During the congress, Cavaliere Mayerhöfer learned from Tahir, the son of Ismail Qemali, that Montpensier was preparing a putsch. He informed me, but aside from this no one else found out, not even Freundlich and Dungern. The two of us informed Makavetz, who told the foreign ministry. All necessary countermeasures were prepared. Ghika’s plan to bring the throne question up at the congress had failed, but another coup was in the making since Montpensier disposed of a yacht ready for sail. We spent two days in Trieste waiting to find out what Vienna thought of Montpensier’s candidacy, in particular in view of his relationship with the Archduchess Maria Dorothea. The Albanians, among whom Faik Bey, began to ask us how they should react to the candidacy. I said to them on my own behalf, “In a hostile manner, for I do not believe that Montpensier is a candidate for Vienna.” In the end, the reply arrived, confirming my suspicions. We were now free to act against Montpensier. As it happened, the Viennese Members of Parliament were holding a banquet for the congress at the Palace Hotel. I interrupted a pause in the conversation by saying in an audible voice, “I hear that Montpensier wants to become King of Albania and that proclamations have already been printed! Does anyone of the gentlemen here happen to have one in his pocket? You know, gentlemen, I am a great collector of printed material on Albania.” Tremendous surprise and a stunned silence. Fan Noli forgot himself, drew a proclamation out of his pocket and gave it to me. Montpensier’s secret was divulged. That evening the proclamation was in the mail on its way to Berchtold. Our worries were less now, but not done away with entirely.

The next day there occurred a dramatic moment at the congress when rumours suddenly began to fly that a messenger from the Provisional Government of Albania had arrived in Trieste from Vlora. A few minutes later a tall, but stooped and awkward-looking old man, exhausted from his journey, was conducted into the hall, causing great commotion. It was the Albanian minister, Kristo Meksi. He had arrived straight from Vlora. There was frenetic applause, the atmosphere was electrified. Faik turned pale for he realized that the chair had now lost all influence over the congress. It was now the Provisional Government that was in the chair. He did not know what message Meksi had brought with him. If Meksi, as a result of some secret agreement as an emissary of the Provisional Government in Vlora, were to proclaim the Duke of Montpensier as King of Albania, he would certainly be elected. I sat down next to the representative of the Austrian Government, Makavetz, and said, “You know, if Kristo Meksi proposes Montpensier as a candidate, we are lost because he will be proclaimed unanimously.” Makavetz remained externally calm but every hair on his head was raised. He was prepared to let the scandal happen and to end the congress. Kristo Meksi began to speak. He conveyed to the Albanian Congress the best wishes of the Provisional Government and informed those present that the members of the Government were all well. Then, without even realizing what decision was in his hands, he left the podium to the frenetic applause of the auditorium. The storm had passed. We realized that Ismail Qemali had not yet been informed of Montpensier’s plan.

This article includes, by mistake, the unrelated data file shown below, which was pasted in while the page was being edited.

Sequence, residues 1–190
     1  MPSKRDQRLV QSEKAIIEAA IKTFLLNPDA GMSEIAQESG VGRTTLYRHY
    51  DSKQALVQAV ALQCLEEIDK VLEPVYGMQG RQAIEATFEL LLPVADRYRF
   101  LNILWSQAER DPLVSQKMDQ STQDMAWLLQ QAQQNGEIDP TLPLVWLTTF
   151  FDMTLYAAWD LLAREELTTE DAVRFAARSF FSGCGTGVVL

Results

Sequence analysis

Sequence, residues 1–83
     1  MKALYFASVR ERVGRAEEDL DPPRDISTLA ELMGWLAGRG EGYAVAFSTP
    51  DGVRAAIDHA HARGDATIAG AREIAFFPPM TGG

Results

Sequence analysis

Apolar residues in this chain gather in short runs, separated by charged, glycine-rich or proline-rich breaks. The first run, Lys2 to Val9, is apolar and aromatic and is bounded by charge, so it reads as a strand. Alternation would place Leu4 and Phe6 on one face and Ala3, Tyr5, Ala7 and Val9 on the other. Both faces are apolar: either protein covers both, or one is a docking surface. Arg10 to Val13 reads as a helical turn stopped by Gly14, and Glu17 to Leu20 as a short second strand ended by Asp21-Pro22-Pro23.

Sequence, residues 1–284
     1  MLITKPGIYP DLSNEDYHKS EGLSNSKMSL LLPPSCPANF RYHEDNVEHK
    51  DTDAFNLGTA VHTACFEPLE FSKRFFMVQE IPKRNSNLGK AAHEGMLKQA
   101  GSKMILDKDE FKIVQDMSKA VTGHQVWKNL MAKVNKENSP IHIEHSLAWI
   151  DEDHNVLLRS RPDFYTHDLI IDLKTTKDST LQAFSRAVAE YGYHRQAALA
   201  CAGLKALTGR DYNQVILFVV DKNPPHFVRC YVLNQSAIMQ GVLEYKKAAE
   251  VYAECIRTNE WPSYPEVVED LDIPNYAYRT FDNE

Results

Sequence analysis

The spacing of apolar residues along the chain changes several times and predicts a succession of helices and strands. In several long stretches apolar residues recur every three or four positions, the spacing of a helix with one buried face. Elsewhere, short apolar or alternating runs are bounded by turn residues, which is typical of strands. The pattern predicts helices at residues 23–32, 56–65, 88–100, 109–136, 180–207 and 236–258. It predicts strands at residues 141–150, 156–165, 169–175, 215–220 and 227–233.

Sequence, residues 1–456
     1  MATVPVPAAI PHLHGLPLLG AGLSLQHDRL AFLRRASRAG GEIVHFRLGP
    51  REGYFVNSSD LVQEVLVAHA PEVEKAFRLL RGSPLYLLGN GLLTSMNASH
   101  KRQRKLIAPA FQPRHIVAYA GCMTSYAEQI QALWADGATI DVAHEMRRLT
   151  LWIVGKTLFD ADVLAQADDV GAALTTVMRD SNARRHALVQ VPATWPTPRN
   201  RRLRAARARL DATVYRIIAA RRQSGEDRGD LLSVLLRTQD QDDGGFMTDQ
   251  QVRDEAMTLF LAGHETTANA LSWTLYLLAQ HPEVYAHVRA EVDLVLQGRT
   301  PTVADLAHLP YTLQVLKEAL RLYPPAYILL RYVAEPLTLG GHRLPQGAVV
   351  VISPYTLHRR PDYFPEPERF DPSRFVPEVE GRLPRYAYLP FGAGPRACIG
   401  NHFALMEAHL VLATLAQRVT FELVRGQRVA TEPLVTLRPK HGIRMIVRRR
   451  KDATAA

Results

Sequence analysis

Now it was simply a matter of freeing Tahir from the clutches of Ghika. A coincidence facilitated our plan. Ghika did not wish to pay Tahir’s hotel bill and had turned to others to solve the problem for him. As such, an Albanian patriot soon made his appearance. I believe it was Mark Kakarriqi or Koci who approached me and explained that Tahir, the son of the president of the Albanian Government, was in financial difficulties. Knowing me to be a friend of the Albanians, the patriot asked me if I would be willing to assist by paying Tahir’s debts, adding that, if the matter became known to the public, it would put Albania in a bad light. Tahir needed 500-600 crowns and, I was told, was too embarrassed to approach me directly. I declared myself willing to assist immediately and promised to pay his expenditures that very afternoon. At noon I dined with Tahir and Mayerhöfer and succeeded in making it clear to Tahir that he was being used as a tool and was in fact a hostage in Ghika’s hands. His father in Vlora could be compelled to resign from the Provisional Government in favour of Montpensier in order to save his son’s life. Tahir was of course dumbfounded and told me everything he knew, admitting, however, that he had no money to free himself from Ghika. I promised to arrange everything. I paid Tahir’s hotel bill that afternoon and left enough money for his expenses until the next day. I later met the Albanian patriot who had demanded 500-600 crowns and told him that I had already paid Tahir’s debts, but that he had made a mistake, the debt being a mere 190 crowns and not 500-600. An Albanian patriot was thus deprived of a sum of 300-400 crowns! I also invited Tahir to supper that evening and, in order to prevent him from talking to Ghika, who was staying at the same hotel, I got him drunk. At midnight I returned him reeling to his hotel where we met Ghika in the lobby. He understood what was going on and realized that he had lost out as far as Tahir was concerned. At my insistence, Tahir told him that he was leaving for Vienna, where he would be staying with me. All further contact between Ghika and Tahir was thus rendered impossible. The next morning I had Tahir’s luggage picked up and he set off for Vienna, this time as my prisoner, and once again without a penny to his name. I put him up at a hotel and subsequently bought him a train ticket to Nice, gave him some travelling money and sent him back to his mother. The Austrian Foreign Ministry also sent Mrs Ismail Qemali a larger sum of money to help her with her financial difficulties, in order that such a problem not occur again. In order to describe the level of Tahir’s intelligence, it is sufficient to note that he had been a Turkish naval cadet under Abdul Hamid. This tells it all. This was thus the extent of my involvement at the Albanian Congress of Trieste....